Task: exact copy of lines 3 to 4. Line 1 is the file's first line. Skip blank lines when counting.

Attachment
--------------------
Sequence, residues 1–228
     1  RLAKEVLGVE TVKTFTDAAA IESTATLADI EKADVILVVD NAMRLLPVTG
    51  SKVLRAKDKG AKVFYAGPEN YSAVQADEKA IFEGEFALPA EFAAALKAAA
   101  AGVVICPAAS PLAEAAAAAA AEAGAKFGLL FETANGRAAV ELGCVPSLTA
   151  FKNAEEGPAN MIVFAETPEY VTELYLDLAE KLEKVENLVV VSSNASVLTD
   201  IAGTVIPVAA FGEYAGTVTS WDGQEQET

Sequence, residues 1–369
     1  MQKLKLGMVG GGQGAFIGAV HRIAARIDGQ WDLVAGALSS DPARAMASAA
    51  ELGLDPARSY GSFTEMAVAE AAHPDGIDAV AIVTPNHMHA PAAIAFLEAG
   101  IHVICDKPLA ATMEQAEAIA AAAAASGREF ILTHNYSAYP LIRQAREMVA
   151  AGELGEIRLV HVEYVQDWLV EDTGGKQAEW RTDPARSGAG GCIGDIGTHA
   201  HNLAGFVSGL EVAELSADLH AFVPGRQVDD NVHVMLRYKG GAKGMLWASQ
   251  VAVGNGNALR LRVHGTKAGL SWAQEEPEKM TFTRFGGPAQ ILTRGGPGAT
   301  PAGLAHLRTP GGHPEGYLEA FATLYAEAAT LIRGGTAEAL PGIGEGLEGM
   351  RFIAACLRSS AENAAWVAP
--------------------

    51  SKVLRAKDKG AKVFYAGPEN YSAVQADEKA IFEGEFALPA EFAAALKAAA
   101  AGVVICPAAS PLAEAAAAAA AEAGAKFGLL FETANGRAAV ELGCVPSLTA